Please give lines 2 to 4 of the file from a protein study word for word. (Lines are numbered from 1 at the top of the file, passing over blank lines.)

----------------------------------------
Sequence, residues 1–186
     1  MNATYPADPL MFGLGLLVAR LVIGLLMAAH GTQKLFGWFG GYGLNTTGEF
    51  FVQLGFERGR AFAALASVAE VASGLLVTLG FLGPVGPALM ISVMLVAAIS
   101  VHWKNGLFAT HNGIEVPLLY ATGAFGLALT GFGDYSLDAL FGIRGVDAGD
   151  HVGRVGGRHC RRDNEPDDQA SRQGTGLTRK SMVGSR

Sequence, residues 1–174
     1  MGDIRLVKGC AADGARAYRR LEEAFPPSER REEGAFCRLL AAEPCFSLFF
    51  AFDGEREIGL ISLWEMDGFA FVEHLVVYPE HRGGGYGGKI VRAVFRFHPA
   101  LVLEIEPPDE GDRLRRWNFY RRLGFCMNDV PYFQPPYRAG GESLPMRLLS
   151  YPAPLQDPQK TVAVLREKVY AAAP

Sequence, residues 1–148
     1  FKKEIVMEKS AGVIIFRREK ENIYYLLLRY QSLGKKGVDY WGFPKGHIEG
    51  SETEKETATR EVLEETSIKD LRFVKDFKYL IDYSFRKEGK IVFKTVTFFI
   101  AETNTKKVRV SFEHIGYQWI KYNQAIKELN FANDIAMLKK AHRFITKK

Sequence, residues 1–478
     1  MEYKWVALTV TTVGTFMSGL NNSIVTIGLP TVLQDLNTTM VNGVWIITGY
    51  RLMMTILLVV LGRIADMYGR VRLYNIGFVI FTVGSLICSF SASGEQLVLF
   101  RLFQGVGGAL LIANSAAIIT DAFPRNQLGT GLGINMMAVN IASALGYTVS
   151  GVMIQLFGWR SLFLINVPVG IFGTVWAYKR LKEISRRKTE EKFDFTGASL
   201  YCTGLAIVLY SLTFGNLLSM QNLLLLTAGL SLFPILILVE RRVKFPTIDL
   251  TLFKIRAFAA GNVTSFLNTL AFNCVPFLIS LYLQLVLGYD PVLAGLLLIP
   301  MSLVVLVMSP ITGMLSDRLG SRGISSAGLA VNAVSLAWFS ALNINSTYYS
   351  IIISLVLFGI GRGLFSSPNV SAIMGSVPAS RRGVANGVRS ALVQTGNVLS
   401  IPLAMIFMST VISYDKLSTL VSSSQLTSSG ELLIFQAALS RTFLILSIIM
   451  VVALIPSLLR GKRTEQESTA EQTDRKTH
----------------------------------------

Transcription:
     1  MNATYPADPL MFGLGLLVAR LVIGLLMAAH GTQKLFGWFG GYGLNTTGEF
    51  FVQLGFERGR AFAALASVAE VASGLLVTLG FLGPVGPALM ISVMLVAAIS
   101  VHWKNGLFAT HNGIEVPLLY ATGAFGLALT GFGDYSLDAL FGIRGVDAGD